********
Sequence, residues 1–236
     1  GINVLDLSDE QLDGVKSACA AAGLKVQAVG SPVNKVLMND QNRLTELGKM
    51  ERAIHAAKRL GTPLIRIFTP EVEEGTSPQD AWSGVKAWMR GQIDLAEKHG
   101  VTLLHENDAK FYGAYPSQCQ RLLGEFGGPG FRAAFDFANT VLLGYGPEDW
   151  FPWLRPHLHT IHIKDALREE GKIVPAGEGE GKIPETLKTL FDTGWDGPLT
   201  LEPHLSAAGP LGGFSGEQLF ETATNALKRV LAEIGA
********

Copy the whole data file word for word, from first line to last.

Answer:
Sequence, residues 1–236
     1  GINVLDLSDE QLDGVKSACA AAGLKVQAVG SPVNKVLMND QNRLTELGKM
    51  ERAIHAAKRL GTPLIRIFTP EVEEGTSPQD AWSGVKAWMR GQIDLAEKHG
   101  VTLLHENDAK FYGAYPSQCQ RLLGEFGGPG FRAAFDFANT VLLGYGPEDW
   151  FPWLRPHLHT IHIKDALREE GKIVPAGEGE GKIPETLKTL FDTGWDGPLT
   201  LEPHLSAAGP LGGFSGEQLF ETATNALKRV LAEIGA